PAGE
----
The Definition of Corporate Strategy

by Vicki A. Benge; Updated September 26, 2017

Corporate strategy is a companywide plan to choose and develop particular markets in which to compete while improving the various divisions or units of the business. There are two major components of corporate strategy:

  • Diversification means expanding the market area or moving into new industries.
  • Vertical integration refers to when a company expands into areas previously covered by suppliers.

Examples of Strategies

An example of vertical integration is when a company manufactures products it previously purchased from suppliers. Professor Scott Gallagher of James Madison University cites the Ford Motor Company as a prime example of a company that carried out vertical integration as corporate strategy. Gallagher writes that not only did Ford manufacture its own parts, but the company also mined the raw materials from its own mines and processed these in its own steel mills.

In today’s business world, outsourcing has replaced vertical integration in many companies' corporate strategies. Diversification remains common and is implemented in various internal forms, depending on the company. Wal-Mart offering one-hour photo services, Microsoft developing operating systems and applications for competitors, and Johnson & Johnson acquiring dozens of companies in other industries are all examples of employing diversification as corporate strategy.

Changing Direction

Not all corporate strategies are successful, even those from otherwise profitable companies. For example, McDonald's, the largest fast-food chain in the world, hit some bumps in the road to increasing profits by attempting a menu expansion. During CEO Don Thompson's 31 months at the helm, the company went 13 consecutive months without growth in domestic sales, and its stock gained a mere 0.3 percent. During that same period, the stock of Chipotle Mexican Grill, a fast-food chain competitor, gained approximately 90 percent.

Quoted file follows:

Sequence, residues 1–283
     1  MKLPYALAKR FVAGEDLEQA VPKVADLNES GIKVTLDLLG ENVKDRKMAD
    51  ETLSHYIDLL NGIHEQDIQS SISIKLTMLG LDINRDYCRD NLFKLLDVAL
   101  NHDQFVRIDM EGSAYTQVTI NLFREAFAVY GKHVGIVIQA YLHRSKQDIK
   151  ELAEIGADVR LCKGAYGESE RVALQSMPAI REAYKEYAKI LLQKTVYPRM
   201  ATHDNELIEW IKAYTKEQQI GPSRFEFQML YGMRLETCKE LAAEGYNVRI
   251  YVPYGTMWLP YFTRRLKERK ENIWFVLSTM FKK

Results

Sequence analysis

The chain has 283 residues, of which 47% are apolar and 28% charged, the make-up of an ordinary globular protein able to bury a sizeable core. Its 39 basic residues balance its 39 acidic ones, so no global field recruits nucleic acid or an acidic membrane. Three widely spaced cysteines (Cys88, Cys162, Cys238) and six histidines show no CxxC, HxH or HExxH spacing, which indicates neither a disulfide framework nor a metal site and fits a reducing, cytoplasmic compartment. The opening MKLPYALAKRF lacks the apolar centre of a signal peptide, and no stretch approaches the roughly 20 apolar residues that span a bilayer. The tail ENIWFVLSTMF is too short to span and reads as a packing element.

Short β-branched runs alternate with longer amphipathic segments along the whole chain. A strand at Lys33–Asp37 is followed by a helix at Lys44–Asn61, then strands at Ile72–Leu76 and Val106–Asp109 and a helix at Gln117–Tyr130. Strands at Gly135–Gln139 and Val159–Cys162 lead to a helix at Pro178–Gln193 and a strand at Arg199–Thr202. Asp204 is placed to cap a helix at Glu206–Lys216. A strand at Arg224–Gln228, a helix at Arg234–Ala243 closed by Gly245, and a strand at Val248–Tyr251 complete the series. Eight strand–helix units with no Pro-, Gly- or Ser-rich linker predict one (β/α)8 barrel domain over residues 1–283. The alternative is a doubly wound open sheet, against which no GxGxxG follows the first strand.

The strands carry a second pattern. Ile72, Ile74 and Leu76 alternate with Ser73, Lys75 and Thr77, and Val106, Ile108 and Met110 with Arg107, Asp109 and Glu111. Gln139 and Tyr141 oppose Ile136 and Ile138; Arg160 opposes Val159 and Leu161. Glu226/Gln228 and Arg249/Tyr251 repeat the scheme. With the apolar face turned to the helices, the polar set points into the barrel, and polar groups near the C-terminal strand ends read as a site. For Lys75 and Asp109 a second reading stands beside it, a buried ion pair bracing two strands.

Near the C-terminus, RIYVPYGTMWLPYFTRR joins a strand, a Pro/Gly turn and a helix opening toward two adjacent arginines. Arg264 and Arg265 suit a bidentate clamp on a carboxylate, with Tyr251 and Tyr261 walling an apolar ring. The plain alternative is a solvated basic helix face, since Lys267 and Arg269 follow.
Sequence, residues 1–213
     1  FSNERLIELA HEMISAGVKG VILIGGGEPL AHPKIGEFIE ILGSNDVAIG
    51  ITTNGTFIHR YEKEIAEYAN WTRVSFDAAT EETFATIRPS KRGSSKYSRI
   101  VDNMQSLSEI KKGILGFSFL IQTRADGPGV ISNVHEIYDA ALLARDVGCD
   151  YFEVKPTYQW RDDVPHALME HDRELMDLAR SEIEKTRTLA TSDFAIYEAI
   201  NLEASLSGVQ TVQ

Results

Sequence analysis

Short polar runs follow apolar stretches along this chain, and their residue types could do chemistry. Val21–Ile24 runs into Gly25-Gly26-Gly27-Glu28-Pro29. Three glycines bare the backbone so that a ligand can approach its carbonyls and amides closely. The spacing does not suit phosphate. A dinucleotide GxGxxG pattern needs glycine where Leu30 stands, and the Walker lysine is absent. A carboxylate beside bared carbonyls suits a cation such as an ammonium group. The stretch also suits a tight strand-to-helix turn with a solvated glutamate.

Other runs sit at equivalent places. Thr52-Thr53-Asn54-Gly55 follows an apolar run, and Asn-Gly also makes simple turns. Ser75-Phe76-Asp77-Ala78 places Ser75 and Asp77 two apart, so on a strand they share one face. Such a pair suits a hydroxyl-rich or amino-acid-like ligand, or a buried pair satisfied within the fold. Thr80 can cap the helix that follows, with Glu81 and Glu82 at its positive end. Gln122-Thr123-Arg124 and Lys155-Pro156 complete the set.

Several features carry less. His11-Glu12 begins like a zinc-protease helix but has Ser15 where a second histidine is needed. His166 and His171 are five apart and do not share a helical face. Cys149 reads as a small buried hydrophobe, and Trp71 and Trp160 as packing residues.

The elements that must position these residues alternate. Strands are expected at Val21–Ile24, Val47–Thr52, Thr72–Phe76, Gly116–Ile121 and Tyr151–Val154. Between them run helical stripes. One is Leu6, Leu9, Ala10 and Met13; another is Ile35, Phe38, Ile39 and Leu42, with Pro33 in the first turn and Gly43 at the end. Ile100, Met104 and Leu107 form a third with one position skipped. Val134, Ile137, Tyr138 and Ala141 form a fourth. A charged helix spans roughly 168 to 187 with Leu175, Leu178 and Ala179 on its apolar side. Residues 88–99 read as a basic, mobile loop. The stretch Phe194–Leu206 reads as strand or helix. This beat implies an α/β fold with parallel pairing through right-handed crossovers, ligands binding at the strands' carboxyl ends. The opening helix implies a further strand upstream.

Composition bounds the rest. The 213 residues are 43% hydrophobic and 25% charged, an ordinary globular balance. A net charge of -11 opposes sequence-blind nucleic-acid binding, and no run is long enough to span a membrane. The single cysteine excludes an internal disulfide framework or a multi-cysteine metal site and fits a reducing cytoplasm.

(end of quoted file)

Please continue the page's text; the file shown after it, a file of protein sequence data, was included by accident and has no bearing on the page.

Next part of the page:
McDonald's Chief Brand Officer Steve Easterbrook was chosen in 2015 to replace Thompson as CEO. Easterbrook plans to implement a strategy of streamlining. The company removed eight items from what Bloomberg Business called its "overly crowded menu" after Thompson's departure in an effort to "speed up service."

Failure Followed by Huge Success

Sometimes corporate strategies considered failures can lead to future successes. Consider Apple's first attempt at a hand-held computer, called the Newton. The company worked on this product from 1987 until 1998 and spent $500 million on its development. It was a flop. Compare that with the phenomenal success of the more recent iPhone, the world's best-selling smartphone in 2014. Apple reported the largest ever quarterly profits by a public company -- $18 billion, in 2014.

Tips

  • Developing a corporate strategy for your business involves objectively assessing your company's strengths and weaknesses, determining where you want the business to go and carrying out plans to achieve your goals.

About the Author

Vicki A Benge began writing professionally in 1984 as a newspaper reporter. A small-business owner since 1999, Benge has worked as a licensed insurance agent and has more than 20 years experience in income tax preparation for businesses and individuals. Her business and finance articles can be found on the websites of "The Arizona Republic," "Houston Chronicle," The Motley Fool, "San Francisco Chronicle," and Zacks, among others.